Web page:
The result was an action of a possible scope akin to that of a universal joint so far as flexibility was concerned, but adapted for use in the more restricted sphere of a drive chain where flexibility in one direction alone was needed. This block secured the nantorsional limitation, afforded a pintle-like link bearing about equal in width to the space opening of the links, and allowed the sprocket tooth's engagement on the larger block surface instead of the link end and side. The use of such an intervening block, apart from the points we have mentioned, was desirable because it could be made of a material or of a quality of metal better adapted to withstand the wear and friction of the sprocket teeth than the material of chain cables, and also because the difference between its material and that of the link made the wear of the latter less than against a substance similar to itself, which was the case when the links bore on each other. As illustrating its use and function as a drive chain, the patentee says:
"The adjacent end'S of the links are held, It will be seen, In a given relationship laterally with each other and with the Interposed block, so that there cannot possibly occur to the cable (while under tension or In working condition) any of that twisting of the cable (or that osclllation of the links about an axial line coincident with a line running lengthwise through the center of the cable) which Is inevitable in chain cables In which the links are articulated one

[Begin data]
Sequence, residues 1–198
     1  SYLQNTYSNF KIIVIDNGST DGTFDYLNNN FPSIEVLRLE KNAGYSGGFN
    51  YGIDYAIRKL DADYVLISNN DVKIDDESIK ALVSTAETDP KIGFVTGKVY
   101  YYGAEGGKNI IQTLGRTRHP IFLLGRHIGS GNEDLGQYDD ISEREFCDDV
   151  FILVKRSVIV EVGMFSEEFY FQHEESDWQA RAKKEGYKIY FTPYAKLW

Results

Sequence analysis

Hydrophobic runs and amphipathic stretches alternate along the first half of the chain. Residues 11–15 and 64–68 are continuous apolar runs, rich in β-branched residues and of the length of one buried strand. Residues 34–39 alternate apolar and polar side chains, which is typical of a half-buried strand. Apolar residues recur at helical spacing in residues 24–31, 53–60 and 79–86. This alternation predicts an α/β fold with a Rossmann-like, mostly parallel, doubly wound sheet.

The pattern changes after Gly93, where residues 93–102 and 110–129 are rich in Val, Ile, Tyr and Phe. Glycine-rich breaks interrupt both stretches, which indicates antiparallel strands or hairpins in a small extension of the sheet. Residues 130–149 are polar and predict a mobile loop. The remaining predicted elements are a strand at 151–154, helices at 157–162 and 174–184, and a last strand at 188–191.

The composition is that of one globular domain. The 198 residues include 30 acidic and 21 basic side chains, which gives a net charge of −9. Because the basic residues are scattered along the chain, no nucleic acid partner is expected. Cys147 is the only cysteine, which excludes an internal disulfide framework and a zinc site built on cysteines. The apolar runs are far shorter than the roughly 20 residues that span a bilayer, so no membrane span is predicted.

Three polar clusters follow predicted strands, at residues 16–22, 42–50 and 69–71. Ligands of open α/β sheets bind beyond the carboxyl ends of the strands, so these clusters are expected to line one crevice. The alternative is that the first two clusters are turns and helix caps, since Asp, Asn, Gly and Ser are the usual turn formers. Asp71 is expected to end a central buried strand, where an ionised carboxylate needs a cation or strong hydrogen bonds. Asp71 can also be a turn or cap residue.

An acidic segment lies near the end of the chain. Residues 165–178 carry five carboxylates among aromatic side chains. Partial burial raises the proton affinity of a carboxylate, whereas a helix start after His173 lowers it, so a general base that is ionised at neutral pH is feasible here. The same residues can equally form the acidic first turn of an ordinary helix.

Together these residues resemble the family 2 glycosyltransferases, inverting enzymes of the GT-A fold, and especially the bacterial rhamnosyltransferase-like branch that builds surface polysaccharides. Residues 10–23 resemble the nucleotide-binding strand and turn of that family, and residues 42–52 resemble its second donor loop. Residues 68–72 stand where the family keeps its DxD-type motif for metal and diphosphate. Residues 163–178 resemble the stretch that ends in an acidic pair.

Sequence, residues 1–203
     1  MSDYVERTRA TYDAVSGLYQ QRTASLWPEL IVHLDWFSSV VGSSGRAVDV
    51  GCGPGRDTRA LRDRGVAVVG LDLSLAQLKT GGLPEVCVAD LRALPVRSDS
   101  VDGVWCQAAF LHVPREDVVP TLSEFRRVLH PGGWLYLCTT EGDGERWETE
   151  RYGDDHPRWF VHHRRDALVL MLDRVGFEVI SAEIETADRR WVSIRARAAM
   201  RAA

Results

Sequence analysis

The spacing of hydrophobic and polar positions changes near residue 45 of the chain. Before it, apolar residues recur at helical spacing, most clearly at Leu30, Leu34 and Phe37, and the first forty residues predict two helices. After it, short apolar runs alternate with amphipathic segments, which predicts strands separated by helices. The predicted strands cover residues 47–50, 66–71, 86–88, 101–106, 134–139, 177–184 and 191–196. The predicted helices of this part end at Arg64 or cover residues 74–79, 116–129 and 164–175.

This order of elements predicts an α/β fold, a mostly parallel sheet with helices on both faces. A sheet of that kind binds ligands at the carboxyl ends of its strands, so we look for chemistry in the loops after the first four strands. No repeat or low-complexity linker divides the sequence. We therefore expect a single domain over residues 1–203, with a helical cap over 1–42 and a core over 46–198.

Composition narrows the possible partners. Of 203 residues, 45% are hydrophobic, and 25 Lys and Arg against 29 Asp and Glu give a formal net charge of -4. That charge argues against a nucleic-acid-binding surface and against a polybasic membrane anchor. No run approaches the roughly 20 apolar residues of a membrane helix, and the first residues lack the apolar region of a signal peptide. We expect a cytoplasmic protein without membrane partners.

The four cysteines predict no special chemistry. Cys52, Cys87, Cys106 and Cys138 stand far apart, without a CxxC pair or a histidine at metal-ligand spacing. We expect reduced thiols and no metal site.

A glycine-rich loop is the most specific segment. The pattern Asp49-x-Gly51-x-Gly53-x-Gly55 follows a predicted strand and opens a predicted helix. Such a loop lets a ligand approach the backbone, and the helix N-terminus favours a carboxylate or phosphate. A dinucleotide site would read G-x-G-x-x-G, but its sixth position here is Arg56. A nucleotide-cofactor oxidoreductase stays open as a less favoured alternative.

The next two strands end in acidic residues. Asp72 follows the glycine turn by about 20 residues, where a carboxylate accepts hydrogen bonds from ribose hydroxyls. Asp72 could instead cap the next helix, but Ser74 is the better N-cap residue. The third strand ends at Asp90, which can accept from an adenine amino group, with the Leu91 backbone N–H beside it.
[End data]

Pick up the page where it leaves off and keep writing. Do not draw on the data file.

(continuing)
directly on the other, as usual prior to my Invention, ant'l the chain with Its block is necessarily retained in a given and proper l"elationship with the peripheral devices of l'he wheel on which it is mn. This pel"fect avoidance of any snch tWisting of the cable and retention of the working parts of the chain and wheel in pl"oper l"elationship enable me to use the cable with perfect success for all sorts of elevator or conveyor purposes, since the chain is thus rendered capable of carrying and maintaining always In perfect Une and proper position any buckets, flights, or attachments which may be applied to it. · · · The precise form of block shown, as well as that of the links lllustmted, may. of course. be departed from without departing from my Invention so long as the blocks and links are made and combined so as to effect the essential results explained."